Eugene Hütz (Gogol Bordello): 5 Albums That Changed My Life

Eugene Hütz (Gogol Bordello): 5 Albums That Changed My Life

If you’re planning on attending a Gogol Bordello show, perhaps invest in some protective gear…and a raincoat? They’re often sweaty affairs replete with flying elbows and beer, but they certainly are fun.

The gypsy punk band is currently gearing up to release their seventh record, Seekers and Finders (out August 25, 2017 via Cooking Vinyl), with singles “Saboteur Blues” and “Walking on the Burning Coal” currently streaming. A few weeks out from release, front man Eugene Hütz took some time out to chat about some records that have shaped him.

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Nick Cave and the Bad Seeds, Tender Prey

Nick Cave and the Bad Seeds have many solid albums, but this one is particularly heart-warming for me…actually because of its fragility… And with that fragility you can also hear an incredible perseverance and determination to keep carving a unique path, catapulting themselves away from any already-made rock formulas and creating yet still-unheard-of elegant combinations of poetic and abrasive compositions. Somehow I find myself always going back to that album.

The first time I heard the leading track ‘Mercy Seat’ I was still just a little baby… I was so impressed by its hypnotic vibe and uncompromising length that I pretty much scared everyone around me for a while playing it on repeat. Roughly twenty years later, that very song was covered by Johnny Cash, giving it yet another spin of justice. It was a great idea of Rick Rubin’s to make sure that happened, all of which allowed for me to have an ‘I told you so, motherfuckers’ moment… But, humor aside, this is a masterpiece.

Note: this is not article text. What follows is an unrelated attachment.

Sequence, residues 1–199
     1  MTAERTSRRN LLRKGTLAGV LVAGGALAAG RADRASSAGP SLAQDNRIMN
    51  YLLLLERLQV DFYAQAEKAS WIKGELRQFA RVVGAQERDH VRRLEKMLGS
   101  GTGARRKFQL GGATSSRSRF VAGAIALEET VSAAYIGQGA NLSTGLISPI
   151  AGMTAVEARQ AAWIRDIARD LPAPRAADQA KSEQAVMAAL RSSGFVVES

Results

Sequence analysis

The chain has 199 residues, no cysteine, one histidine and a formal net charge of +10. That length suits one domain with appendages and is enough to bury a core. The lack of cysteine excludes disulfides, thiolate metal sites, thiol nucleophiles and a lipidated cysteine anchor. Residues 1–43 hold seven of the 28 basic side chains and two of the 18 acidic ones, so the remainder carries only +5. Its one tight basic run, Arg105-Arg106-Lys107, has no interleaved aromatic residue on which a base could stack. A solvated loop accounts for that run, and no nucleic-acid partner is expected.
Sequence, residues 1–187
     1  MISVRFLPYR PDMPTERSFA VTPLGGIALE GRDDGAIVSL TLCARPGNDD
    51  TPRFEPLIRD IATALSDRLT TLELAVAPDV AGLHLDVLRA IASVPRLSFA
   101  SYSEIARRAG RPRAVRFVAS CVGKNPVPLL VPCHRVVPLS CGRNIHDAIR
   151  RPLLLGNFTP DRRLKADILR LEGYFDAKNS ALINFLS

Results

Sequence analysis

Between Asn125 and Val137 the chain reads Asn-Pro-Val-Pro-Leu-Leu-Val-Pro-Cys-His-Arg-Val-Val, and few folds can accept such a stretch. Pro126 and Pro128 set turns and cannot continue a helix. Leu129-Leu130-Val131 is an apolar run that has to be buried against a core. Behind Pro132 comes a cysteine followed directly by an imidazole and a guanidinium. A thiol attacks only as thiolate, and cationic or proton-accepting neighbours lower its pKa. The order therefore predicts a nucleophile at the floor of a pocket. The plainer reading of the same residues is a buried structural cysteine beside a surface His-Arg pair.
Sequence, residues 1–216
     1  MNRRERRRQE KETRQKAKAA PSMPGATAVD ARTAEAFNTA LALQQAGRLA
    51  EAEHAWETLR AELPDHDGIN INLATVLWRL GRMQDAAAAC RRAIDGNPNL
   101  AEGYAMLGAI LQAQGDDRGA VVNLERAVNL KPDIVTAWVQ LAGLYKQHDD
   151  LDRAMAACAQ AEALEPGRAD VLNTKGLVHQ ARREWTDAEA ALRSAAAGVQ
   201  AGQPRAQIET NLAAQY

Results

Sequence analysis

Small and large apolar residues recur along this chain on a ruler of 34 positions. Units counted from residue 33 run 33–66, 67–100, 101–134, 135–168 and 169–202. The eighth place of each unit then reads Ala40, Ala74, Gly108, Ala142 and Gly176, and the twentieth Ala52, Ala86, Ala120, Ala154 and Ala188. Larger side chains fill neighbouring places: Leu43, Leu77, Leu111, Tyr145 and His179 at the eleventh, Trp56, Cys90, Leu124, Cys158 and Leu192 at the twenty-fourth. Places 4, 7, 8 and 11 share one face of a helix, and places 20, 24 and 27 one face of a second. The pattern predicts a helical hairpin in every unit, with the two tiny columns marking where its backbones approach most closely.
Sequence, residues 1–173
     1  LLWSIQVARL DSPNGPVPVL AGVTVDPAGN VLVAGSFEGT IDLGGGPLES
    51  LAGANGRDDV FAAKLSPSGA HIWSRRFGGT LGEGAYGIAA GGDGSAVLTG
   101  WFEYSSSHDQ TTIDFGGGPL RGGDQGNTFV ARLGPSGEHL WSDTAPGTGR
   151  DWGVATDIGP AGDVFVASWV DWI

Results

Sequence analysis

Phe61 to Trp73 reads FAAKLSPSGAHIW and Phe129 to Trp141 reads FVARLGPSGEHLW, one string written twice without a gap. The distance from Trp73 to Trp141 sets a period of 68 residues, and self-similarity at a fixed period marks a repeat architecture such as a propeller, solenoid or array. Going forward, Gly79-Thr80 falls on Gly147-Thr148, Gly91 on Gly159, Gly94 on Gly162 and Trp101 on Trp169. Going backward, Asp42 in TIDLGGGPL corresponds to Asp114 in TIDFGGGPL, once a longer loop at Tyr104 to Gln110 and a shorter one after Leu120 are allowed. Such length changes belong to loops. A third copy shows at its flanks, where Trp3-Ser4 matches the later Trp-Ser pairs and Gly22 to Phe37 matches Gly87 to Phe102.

Jimi Hendrix, Band of Gypsys/The Stooges, Fun House

I’ll take the liberty to fit these two in one because, to me, they are both absolute masterpieces of electric rock.

They both reach incredible frequencies, they both influenced me a lot, they both laid out for me a very inviting sonic carpet into a world of impressive, beautiful bended notes and savage animalistic guitar riffs, leaving me forever with a fantasy of Iggy on stage with Hendrix. That would be something to put into a Voyager for other civilizations to hear.

Leonard Cohen, Songs of Love and Hate

So often he seemed to be the only living guide into matters of the soul. The rare living link from here to beyond and back. Love forever. We will never stop learning from Leonard.

 Manu Chao, Clandestino

This record stands unique because travel-journal-spirit albums usually have little to offer when they are done. Manu is a deep traveler, so the album encapsulates all the high spirits of Latin America and the Mediterranean and keeps them forever fresh without sounding touristic. It has a touch of cosmic consciousness, both folkloric and electronic enough. It’s the only record of its kind.

(Photo credit: Dan Efram)

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